A Dublin, Ohio hospital researcher was sentenced to 33 months in prison after being convicted of “conspiring to steal exosome-related trade secrets concerning the research, identification and treatment of a range of pediatric medical conditions.”
Yu Zhou pleaded guilty last year to stealing scientific trade secrets at the Nationwide Children’s Hospital’s Research Institute, according to the DOJ press release.
Zhou stole these secrets for personal financial gain, the DOJ said.
“Yu Zhou sought to exploit U.S. taxpayer dollars intended to fund critical, life-saving research at Nationwide Children’s Hospital through the whole-sale theft of their trade secrets,” said Assistant Attorney General John C. Demers for the Justice Department’s National Security Division. “Zhou’s greed was encouraged and enabled by a series of Chinese Government programs which incentivize thievery in an attempt to supplement China’s own research and development goals on the back of American ingenuity and investment. This successful prosecution should serve as a warning to anyone who seeks to profit from pilfering hard-earned U.S. trade secrets.”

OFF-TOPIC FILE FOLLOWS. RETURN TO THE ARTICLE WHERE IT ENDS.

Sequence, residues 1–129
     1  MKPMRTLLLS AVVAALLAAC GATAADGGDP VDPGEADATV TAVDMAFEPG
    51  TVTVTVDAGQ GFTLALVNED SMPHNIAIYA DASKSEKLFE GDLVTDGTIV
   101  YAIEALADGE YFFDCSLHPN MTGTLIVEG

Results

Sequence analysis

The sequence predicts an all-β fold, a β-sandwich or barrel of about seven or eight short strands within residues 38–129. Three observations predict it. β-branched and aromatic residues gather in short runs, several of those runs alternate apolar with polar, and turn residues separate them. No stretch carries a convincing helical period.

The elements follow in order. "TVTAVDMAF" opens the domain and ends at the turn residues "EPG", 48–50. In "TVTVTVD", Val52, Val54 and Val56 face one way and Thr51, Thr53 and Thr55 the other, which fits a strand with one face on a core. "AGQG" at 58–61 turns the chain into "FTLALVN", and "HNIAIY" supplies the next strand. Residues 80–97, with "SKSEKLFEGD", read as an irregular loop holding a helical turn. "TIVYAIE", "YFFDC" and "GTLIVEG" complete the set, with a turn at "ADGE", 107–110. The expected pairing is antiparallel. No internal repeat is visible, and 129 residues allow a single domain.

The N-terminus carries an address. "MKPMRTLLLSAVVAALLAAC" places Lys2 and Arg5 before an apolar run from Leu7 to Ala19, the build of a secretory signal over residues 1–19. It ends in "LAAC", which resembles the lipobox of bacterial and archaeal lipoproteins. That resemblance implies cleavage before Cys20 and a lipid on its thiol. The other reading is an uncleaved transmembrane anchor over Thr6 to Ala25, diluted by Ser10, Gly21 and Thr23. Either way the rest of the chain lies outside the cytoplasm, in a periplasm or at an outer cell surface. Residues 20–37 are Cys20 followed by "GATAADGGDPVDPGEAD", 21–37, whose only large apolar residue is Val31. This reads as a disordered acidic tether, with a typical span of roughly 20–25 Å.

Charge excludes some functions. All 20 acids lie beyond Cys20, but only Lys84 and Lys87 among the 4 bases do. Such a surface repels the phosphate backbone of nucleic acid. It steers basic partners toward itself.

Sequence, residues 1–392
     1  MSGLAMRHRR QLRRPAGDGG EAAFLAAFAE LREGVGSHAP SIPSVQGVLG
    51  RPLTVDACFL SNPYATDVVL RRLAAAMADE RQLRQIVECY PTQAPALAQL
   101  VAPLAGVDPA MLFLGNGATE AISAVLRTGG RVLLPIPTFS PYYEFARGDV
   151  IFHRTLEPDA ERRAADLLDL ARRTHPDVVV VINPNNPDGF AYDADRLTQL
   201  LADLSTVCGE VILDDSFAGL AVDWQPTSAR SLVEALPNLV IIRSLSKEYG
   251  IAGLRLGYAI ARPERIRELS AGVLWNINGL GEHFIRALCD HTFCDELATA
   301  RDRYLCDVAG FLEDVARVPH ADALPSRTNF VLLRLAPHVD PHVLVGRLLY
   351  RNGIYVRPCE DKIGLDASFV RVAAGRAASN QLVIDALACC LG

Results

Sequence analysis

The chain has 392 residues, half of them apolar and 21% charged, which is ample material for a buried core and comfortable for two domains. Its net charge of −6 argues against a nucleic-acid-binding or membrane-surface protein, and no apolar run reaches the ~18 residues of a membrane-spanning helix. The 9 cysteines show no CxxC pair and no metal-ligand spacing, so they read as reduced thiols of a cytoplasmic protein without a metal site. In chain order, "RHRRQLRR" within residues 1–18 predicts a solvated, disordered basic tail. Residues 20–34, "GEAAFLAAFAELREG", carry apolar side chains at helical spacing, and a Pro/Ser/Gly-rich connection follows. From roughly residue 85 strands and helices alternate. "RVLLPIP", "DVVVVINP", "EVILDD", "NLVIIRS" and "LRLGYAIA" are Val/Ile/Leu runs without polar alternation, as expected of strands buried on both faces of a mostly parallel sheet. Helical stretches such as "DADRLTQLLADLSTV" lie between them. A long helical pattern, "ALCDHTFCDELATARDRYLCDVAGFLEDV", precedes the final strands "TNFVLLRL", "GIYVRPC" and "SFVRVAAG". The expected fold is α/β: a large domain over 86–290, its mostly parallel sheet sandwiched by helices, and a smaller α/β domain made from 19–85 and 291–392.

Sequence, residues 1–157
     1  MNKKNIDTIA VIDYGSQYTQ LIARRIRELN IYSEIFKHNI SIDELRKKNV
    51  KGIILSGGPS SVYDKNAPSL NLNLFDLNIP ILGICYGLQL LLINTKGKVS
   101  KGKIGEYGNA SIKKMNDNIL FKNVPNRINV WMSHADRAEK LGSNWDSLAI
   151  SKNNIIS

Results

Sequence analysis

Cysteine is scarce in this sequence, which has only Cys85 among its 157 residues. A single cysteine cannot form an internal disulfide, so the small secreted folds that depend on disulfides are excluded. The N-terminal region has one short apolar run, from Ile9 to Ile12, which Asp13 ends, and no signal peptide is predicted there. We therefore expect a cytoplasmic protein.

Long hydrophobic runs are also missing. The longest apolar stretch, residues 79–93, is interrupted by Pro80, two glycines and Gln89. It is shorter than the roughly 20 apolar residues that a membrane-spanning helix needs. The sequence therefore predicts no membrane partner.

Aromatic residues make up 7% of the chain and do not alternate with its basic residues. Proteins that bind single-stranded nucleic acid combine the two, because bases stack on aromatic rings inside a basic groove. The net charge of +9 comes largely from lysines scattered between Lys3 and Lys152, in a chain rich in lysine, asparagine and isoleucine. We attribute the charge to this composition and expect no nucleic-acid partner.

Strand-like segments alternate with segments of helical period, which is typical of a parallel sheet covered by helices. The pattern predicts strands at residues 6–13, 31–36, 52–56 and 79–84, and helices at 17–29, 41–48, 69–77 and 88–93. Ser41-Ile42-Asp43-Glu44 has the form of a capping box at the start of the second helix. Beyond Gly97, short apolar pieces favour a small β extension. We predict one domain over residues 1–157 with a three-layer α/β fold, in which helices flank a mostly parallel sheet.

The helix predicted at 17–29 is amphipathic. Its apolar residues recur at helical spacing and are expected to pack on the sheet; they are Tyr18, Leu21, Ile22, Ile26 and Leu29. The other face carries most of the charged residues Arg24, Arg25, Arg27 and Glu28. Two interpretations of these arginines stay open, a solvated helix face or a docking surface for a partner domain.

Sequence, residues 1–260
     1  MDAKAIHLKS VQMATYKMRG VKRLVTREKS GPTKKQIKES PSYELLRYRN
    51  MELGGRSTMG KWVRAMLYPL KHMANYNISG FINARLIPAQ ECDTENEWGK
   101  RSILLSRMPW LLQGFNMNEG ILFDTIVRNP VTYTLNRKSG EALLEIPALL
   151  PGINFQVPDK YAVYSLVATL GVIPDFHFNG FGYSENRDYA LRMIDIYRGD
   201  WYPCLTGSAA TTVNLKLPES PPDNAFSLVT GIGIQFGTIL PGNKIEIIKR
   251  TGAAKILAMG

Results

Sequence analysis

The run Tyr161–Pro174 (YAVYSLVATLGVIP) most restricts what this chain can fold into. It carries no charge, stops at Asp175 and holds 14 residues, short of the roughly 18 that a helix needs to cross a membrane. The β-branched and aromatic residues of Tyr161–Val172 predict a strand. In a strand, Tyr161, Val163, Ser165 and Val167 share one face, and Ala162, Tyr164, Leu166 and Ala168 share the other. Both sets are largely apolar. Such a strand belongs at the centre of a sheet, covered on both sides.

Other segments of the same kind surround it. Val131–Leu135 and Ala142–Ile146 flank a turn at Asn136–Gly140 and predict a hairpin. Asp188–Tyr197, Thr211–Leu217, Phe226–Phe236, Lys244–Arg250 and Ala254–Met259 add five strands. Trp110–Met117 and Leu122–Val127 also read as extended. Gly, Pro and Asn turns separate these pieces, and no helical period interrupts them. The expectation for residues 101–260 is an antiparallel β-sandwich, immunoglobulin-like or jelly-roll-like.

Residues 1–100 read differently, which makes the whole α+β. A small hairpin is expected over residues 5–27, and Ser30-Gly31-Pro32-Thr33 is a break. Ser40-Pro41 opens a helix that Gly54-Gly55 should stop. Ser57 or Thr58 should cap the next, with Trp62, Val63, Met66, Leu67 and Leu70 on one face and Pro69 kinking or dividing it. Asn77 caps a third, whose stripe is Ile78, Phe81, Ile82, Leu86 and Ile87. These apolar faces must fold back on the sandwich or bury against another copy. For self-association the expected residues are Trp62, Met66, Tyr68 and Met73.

Acting U.S. Attorney Vipal J. Patel for the Southern District of Ohio said Zhou “willingly” took part in the “Chinese Government’s long-term efforts to steal American intellectual property.”
“Zhou and his wife executed a scheme over the course of several years to set up businesses in China, steal American research, and profit from doing so. The couple deserves the time it received in federal prison,” Patel said.
Li Chen, Zhou’s wife, also participated in stealing scientific trade secrets from the children’s hospital. Both Zhou and Chen worked as researchers there for 10 years each. Zhou worked there from 2007 to 2017 and Chen researched there from 2008 to 2018, the press release says.
Zhou’s sentence of 33 months is three months longer than his wife’s sentence of 30 months. Chen was sentenced in February.
The information Zhou and Chen stole pertained to exosomes which is a vital role in research, identification and medical treatment, according to the press release.
The Dublin couple took these secrets, started a Chinese company, and tried to sell their kits.
As part of their conviction, the couple will have to pay $2.6 million in restitution.
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